Aussie Shares Fall as Fears Grow

Fears over the health of the global economy are driving major declines in global markets, with the Australian stock market in negative territory.

Australian stocks took a shaky move on Wednesday morning as fears over the health of the global economy continue to circulate worldwide.

In the first 15 minutes after opening, the S&P/ASX 200 index fell 0.5 percent. It rebounded 0.3 percent to 6650.00 at 10:50 a.m. AEST, before returning to negative territory, according to the Australian, which has seen significant changes.

The benchmark index fell 0.3 percent to 6610.20 at 12:11 a.m. AEST.

The tech sector has been the best performer, while energy and materials have taken a hit as expected.

Oil prices have fallen sharply, with the major international crude oil contract, Brent North Sea, falling nearly 10 percent, while the major US contract, West Texas Intermediate, has fallen more than 8 percent to enter for the first time. about two months.

At around 12:30 PM, the Australian Financial Review the S&P/ASX 200’s best on Wednesday listed as Zip Co, Megaport, Tyro, EML Payments and Mesoblast.

The worst were Beach Energy, St Barbara, Regis Resources, South32 and Graincorp.

The Australian stock market ended Tuesday higher for the second day after the Reserve Bank of Australia raised the official cash interest rate another 0.5 percent – the third consecutive monthly increase.

On Wall Street, the Dow Jones Industrial Average closed at -0.4 percent, the S&P 500 at +0.2 percent and the Nasdaq Composite Index at +1.8 percent.

The yield on the US 10-year bond fell to 2.81 percent.

The Australian dollar had fallen close to $67.95c at the close of the US, but was not as bad as the euro, which plunged to a 20-year low.

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Euro slumps amid recession fears

European equities fell along with oil prices local time on Tuesday, while the euro slipped to parity with the dollar on mounting fears of a recession as central banks contend with rising inflation.

European stock markets fell nearly 3 percent, heavily on Wall Street early in the day before US stocks reversed.

“There is fear circulating about the health of the global economy and that is why we are seeing major declines in equities, energy and industrial metals,” said market analyst David Madden of Equiti Capital.

The euro plunged to a low in the 20-year dollar of $1.0238 as investors eyed aggressive rate hikes by the US Federal Reserve in its fight against inflation, as opposed to the European Central Bank, which planned to be more modest plan increases.

“There are growing concerns that high energy prices will reduce demand, hence the drop in oil contracts,” Madden said.

Sentiment in Europe was shaken by the latest survey data showing that economic growth in the eurozone faltered in June.

S&P Global’s watchful monthly purchasing managers index (PMI), which measures business confidence, fell to 52.0 in June from 54.8 in May.

Nevertheless, the reading, which was a 16-month low, remains above the 50-point signal expansion.

“Growing fears of a recession are pushing the euro down, while the dollar rises on bets that the Fed will continue to raise rates aggressively to tame inflation,” City Index analyst Fiona Cincotta told AFP.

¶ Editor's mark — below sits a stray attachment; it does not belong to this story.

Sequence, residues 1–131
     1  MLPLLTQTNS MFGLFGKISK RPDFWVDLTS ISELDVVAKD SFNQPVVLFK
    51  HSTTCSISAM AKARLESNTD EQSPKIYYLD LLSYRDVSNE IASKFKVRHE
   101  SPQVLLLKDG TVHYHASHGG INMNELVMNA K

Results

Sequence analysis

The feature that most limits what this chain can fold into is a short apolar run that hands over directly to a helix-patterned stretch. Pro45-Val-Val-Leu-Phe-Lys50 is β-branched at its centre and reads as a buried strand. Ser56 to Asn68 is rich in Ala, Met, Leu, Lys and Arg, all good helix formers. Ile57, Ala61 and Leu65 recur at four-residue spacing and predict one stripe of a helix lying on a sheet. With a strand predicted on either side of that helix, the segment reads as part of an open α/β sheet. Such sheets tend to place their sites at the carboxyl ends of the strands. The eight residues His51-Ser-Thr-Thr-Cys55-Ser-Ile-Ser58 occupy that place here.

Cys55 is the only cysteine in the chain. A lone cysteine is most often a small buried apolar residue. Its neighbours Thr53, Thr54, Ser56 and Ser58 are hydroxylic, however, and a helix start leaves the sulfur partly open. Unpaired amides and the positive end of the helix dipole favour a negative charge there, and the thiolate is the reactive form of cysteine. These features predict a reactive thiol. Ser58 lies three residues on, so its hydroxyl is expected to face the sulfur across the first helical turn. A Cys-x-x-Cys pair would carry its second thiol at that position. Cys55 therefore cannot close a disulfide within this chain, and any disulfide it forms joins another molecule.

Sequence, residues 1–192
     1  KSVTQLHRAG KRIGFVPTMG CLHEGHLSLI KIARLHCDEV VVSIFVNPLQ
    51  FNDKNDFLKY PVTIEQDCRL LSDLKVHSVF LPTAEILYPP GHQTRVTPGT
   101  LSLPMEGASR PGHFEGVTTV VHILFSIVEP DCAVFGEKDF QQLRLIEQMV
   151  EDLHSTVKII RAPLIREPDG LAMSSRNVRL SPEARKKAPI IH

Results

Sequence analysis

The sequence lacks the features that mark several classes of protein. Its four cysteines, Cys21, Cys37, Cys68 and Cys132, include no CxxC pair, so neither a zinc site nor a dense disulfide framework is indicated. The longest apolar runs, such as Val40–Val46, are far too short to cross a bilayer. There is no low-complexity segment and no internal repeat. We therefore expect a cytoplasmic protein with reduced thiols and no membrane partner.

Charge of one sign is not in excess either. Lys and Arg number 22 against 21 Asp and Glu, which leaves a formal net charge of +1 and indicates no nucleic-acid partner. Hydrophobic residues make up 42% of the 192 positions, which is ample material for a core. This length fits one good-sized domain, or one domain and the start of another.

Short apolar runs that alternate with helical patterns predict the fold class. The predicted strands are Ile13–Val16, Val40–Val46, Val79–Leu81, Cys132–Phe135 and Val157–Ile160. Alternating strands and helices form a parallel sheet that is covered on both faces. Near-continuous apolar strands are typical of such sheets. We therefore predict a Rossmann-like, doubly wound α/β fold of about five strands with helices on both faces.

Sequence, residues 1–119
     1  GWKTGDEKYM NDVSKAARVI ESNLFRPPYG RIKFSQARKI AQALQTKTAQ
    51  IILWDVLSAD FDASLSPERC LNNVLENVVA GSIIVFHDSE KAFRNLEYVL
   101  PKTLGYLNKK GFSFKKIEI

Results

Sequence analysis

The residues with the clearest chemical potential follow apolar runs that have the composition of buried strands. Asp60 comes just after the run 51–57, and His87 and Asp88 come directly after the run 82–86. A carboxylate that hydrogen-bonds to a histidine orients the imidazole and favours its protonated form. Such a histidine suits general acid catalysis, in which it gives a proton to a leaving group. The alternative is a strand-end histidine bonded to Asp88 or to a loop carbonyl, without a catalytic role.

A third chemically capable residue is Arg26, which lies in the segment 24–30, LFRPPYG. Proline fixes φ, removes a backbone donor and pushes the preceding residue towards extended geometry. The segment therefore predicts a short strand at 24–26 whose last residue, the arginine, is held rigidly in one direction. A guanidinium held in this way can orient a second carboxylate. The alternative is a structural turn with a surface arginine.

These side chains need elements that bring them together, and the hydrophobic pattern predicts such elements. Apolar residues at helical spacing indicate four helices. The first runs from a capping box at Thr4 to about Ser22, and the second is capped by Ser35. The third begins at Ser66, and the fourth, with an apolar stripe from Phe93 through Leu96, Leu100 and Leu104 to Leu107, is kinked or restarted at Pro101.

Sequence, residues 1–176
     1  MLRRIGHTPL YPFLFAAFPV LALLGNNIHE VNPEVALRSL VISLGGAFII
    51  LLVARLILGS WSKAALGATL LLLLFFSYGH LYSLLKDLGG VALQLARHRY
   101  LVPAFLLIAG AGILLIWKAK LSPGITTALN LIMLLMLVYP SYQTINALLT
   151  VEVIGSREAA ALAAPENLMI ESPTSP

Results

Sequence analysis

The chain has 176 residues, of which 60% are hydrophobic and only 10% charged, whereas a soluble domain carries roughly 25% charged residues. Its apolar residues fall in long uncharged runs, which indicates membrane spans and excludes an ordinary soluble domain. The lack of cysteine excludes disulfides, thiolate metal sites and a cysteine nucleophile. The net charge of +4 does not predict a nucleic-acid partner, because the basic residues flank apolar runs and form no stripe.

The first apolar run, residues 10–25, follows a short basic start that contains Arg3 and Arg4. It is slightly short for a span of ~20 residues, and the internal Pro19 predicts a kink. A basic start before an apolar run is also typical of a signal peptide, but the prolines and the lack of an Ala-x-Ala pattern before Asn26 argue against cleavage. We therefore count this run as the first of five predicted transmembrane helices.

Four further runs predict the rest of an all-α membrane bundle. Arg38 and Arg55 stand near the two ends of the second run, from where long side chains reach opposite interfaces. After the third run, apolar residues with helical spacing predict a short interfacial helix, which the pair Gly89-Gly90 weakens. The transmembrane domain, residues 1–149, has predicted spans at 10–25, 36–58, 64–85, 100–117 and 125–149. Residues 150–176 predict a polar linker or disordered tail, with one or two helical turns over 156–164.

“Today’s PMI data from Europe has highlighted the risk of a slowdown in growth towards the end of the second quarter and raised the prospect of a contraction in activity in the coming months.”

XTB chief market analyst Walid Koudmani said: “The ECB (European Central Bank) is caught between a rock and a hard place as it needs to raise interest rates to tackle inflation and boost its currency, all the while supporting struggling economies that just recovering after two years.” years of pandemic-related problems.”

While US stocks were deep in the red in the morning, shares rose in the afternoon, allowing two of the three major indices to finish higher.

The shift came as yields on the 10-year US Treasury bill, a measure of interest rates, fell further below 3 percent.

“Concerns about a recession are mounting,” said Quincy Krosby of LPL Financial, who noted the correlation between technology stocks and declines in government bond yields.

“You look for growth where you can find it,” said Dr. Krosby. “Many of those big tech names that have been beaten up by the market are becoming attractive again, especially when bond yields are lower.”

Key figures around 2030 GMT

Euro/dollar: DOWN to $1.0266 from $1.0422 Monday

Pound/Dollar: DOWN to $1.1956 from $1.2118

Euro/pound: DOWN at 85.85 pence from 86.00 pence

Dollar/yen: UP at 135.87 yen from 135.62 yen

Brent North Sea Crude Oil: 9.6 Percent DOWN at $102.57 a Barrel

West Texas Intermediate: 8.8 percent DOWN at $98.94 a barrel

New York – Dow: DOWN 0.4 percent 30,967.82 (close)

New York – S&P 500: 0.2 percent higher at 3,831.39 (close)

New York – Nasdaq: 1.8 percent higher at 11,322.24 (close)

London – FTSE 100: DOWN 2.9 percent to 7,025.47 (close)

Frankfurt – DAX: 2.9 percent DOWN at 12,401.20 (close)

Paris – CAC 40: 2.7 percent DOWN at 5,794.96 (close)

EURO STOXX 50: DOWN 2.7 percent at 3,359.83 (close)

Tokyo – Nikkei 225: 1.0 percent higher at 26,423.47 (close)

Hong Kong – Hang Seng Index: 0.1 percent higher at 21,853.07 (close)

Shanghai – Composite: FLAT on 3.404.03 (close)

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